The Wisconsin Off-Road Series has a full-blown controversy on its hands at the highest level of competition. At issue is the use of volunteer points to secure the overall series title in the men’s Elite category. The state champion for 2016 will be Nathan Guerra (Vision Cycling), whose season was cut short by injury. Guerra didn’t race in the series after the Midwest MTB Championships on July 24. But by volunteering at the Reforestation Ramble on Aug. 21, Guerra earned an additional 186 points. Those points ultimately proved to be the difference in the final standings. Guerra finished with 1,548 points, 56 more than Pete Karinen (True North Apparel).
And Karinen is not happy:
Surely there was a more constructive way to criticize the WORS scoring system, but at least that got the conversation started. The people who are coming to Guerra’s defense—including WORS kingpin Don Edberg—argue that Guerra worked within the rules that governed the 2016 season. Here’s the relevant rule:
“Series competitors who forfeit participation in a race to help run the event may qualify for volunteer points. To receive these points, a point total equal to a racer’s lowest scoring race excluding DNFs, a racer must: 1) contact the race director at least 8 days in advance of the race to apply for acceptance to the race staff, 2) work a minimum of 5 hours on race day, and 3) pick up a VP (volunteer points) form from the WORS tent, fill it out, have their Race Director sign it and turn it in to WORS Timing & Scoring. A series competitor may include only one VP in their overall results. The VP will either replace a competitor’s lowest scoring event with a point value equal to the second lowest score or one equal to their lowest score depending upon the number of scoring events they have in their overall score.”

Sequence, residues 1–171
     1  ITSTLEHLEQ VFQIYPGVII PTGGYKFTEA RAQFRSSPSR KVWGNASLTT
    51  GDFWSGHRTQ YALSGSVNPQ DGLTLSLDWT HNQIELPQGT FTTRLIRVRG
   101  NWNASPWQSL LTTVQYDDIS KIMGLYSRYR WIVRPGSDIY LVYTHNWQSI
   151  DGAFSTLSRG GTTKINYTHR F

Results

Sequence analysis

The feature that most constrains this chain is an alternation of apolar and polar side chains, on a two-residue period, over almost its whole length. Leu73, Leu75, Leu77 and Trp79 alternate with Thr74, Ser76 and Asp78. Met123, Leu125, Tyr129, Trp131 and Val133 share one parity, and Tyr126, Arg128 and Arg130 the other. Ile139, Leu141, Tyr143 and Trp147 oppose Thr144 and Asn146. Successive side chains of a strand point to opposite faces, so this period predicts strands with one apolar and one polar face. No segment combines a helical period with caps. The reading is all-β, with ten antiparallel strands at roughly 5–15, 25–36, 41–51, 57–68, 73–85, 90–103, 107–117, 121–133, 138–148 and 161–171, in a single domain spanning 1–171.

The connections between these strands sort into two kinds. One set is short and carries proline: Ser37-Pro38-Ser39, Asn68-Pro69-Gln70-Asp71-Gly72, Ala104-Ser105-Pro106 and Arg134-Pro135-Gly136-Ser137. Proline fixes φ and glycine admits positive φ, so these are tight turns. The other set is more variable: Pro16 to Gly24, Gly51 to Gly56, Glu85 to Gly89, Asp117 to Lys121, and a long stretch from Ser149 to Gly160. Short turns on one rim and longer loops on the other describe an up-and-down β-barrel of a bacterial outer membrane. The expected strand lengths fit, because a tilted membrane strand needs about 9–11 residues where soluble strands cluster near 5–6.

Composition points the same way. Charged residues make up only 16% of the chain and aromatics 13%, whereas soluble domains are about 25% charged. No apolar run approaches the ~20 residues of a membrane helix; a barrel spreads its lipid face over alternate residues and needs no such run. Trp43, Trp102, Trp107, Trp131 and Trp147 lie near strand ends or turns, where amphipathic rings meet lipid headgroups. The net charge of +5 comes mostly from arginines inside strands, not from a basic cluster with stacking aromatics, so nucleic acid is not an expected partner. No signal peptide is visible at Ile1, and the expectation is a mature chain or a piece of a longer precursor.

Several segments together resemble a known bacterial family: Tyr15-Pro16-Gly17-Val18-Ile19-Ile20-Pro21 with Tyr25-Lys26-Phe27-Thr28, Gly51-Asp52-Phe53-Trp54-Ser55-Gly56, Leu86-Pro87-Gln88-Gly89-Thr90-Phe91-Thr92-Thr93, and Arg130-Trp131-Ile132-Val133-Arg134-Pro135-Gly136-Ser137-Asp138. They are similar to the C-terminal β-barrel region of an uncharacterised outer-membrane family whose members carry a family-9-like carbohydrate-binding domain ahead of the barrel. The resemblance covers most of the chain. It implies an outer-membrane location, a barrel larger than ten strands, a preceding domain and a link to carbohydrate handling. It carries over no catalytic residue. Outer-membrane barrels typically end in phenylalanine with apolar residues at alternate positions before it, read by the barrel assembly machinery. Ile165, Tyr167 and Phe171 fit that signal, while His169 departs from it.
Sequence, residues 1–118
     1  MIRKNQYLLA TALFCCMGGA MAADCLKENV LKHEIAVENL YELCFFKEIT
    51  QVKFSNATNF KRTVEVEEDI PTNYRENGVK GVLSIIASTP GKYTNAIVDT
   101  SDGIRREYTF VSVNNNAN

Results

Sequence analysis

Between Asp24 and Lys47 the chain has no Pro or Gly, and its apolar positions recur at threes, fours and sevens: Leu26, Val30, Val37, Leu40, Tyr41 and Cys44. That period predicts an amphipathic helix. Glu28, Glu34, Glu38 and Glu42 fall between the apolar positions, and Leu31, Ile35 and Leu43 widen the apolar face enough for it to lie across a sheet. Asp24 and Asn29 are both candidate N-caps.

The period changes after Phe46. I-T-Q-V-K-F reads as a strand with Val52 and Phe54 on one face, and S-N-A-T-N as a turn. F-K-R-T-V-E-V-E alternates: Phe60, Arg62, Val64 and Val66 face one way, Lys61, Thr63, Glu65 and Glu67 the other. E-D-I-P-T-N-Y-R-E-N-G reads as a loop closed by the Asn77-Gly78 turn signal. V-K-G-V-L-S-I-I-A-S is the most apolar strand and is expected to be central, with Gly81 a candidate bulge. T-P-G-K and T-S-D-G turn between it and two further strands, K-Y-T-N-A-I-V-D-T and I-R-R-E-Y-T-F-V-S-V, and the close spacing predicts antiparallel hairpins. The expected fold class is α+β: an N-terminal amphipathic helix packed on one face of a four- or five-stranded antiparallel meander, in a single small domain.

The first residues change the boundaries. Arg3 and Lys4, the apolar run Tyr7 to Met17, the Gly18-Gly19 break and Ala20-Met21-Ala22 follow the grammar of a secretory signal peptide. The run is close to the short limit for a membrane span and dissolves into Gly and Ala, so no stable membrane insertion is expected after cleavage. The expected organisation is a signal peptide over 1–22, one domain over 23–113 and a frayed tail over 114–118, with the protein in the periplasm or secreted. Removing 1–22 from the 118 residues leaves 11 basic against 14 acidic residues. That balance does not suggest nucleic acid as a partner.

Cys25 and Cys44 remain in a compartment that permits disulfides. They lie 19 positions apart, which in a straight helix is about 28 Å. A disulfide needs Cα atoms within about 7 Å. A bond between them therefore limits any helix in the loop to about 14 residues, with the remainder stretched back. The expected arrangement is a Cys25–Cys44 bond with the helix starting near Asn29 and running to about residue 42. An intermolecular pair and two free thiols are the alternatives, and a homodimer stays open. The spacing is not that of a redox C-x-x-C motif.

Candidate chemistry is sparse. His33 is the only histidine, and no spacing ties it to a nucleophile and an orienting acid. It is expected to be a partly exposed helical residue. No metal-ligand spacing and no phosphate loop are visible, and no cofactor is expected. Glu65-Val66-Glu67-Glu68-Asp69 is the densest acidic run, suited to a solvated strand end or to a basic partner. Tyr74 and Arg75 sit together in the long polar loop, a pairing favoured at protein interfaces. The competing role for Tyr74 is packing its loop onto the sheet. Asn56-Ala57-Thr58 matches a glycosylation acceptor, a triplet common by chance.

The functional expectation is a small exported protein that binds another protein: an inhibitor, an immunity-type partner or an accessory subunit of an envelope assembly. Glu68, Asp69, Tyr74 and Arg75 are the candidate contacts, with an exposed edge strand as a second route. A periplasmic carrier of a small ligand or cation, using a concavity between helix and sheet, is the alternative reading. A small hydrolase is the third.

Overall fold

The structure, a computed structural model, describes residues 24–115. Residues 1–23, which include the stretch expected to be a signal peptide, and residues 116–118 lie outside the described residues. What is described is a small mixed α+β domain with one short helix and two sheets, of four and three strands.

When he could race, Guerra raced well. He won 3 of the 7 races in which he competed, he never finished lower than 3rd place, and he was undefeated in 6 head-to-head meetings with Karinen. He was the better racer. On the other hand, he did race only 7 times. At the Elite level, a racer’s best 8 results are counted for the overall WORS title. Without those volunteer points, the last of Guerra’s best 8 results would have been a zero. That would have dropped him to 6th place overall, resulting in a silver medal for Justin Piontek (Adventure 212 / Specialized) and a bronze for Ben Senkerik (Team Extreme). Those awards are nothing to sneeze at, as WORS is our USA Cycling-recognized state championship series.
And then there’s the money: as overall champion, Guerra gets a $1,500 prize. He’s a professional racer, after all, and the distinguishing characteristic of professionals is that they get paid. So, the question is not whether Guerra did anything against the rules. The question is whether riders at that level should be able to earn volunteer points in the first place. WORS couldn’t exist without volunteers—they do most of the work while the WORS staff provides the series administration and the USA Cycling officials oversee competition on race days—but volunteers don’t come from the ranks of the professional riders. Of the 36 Elite riders who scored series points, only Guerra earned volunteer points. He used the system to his advantage, but others might have done the same. It’s not just true that the other Elite men didn’t volunteer; none of the other state championship contenders competed in every WORS event. Those were missed opportunities to score points or to replace earlier results with better ones.
Still, to award a state championship under these conditions is far from desirable. I agree with the strict interpretation of the rule, but I also understand the complaints of the people who think there’s something outside of the spirit of competition in this situation. Starting in 2017, the volunteer rule needs to exclude Elite racers. There’s too much at stake for guys who are trying to scrape together a living from a sport with few financial rewards.